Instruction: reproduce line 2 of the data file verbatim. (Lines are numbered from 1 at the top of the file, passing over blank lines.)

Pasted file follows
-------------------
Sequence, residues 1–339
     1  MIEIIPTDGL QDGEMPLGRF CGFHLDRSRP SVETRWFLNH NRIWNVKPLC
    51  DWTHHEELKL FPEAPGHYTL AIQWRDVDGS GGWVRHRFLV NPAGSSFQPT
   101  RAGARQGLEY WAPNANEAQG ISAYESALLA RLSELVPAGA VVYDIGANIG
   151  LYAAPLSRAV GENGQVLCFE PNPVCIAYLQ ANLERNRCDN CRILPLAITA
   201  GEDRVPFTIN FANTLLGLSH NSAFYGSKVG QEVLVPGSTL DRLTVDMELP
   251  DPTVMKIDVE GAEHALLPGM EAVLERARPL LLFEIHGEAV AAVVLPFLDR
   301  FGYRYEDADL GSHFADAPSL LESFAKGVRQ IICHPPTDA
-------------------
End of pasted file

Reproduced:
     1  MIEIIPTDGL QDGEMPLGRF CGFHLDRSRP SVETRWFLNH NRIWNVKPLC